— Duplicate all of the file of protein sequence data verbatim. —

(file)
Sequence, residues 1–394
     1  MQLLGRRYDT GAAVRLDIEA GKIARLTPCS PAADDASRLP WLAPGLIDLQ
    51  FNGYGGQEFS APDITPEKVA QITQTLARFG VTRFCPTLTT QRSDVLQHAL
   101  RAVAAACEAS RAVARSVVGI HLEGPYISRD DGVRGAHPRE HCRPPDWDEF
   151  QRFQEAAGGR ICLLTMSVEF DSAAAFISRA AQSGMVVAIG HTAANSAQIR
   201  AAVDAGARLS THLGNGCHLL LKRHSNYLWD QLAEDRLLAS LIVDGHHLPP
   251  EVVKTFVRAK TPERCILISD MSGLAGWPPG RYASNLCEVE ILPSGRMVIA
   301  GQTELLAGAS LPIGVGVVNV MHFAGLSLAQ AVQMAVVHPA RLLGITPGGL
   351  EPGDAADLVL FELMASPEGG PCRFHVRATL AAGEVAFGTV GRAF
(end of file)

Sequence, residues 1–394
     1  MQLLGRRYDT GAAVRLDIEA GKIARLTPCS PAADDASRLP WLAPGLIDLQ
    51  FNGYGGQEFS APDITPEKVA QITQTLARFG VTRFCPTLTT QRSDVLQHAL
   101  RAVAAACEAS RAVARSVVGI HLEGPYISRD DGVRGAHPRE HCRPPDWDEF
   151  QRFQEAAGGR ICLLTMSVEF DSAAAFISRA AQSGMVVAIG HTAANSAQIR
   201  AAVDAGARLS THLGNGCHLL LKRHSNYLWD QLAEDRLLAS LIVDGHHLPP
   251  EVVKTFVRAK TPERCILISD MSGLAGWPPG RYASNLCEVE ILPSGRMVIA
   301  GQTELLAGAS LPIGVGVVNV MHFAGLSLAQ AVQMAVVHPA RLLGITPGGL
   351  EPGDAADLVL FELMASPEGG PCRFHVRATL AAGEVAFGTV GRAF